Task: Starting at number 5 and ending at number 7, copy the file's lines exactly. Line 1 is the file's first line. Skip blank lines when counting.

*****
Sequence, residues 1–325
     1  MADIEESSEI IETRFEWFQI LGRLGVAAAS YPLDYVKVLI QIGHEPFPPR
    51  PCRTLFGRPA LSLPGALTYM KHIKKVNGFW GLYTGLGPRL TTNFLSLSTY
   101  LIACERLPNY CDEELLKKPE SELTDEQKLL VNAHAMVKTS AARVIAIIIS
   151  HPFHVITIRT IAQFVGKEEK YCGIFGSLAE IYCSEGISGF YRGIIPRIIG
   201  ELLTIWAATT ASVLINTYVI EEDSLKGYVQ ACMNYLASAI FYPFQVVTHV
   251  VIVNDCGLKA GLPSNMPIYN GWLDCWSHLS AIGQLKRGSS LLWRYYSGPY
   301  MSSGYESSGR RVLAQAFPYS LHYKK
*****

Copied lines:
   151  HPFHVITIRT IAQFVGKEEK YCGIFGSLAE IYCSEGISGF YRGIIPRIIG
   201  ELLTIWAATT ASVLINTYVI EEDSLKGYVQ ACMNYLASAI FYPFQVVTHV
   251  VIVNDCGLKA GLPSNMPIYN GWLDCWSHLS AIGQLKRGSS LLWRYYSGPY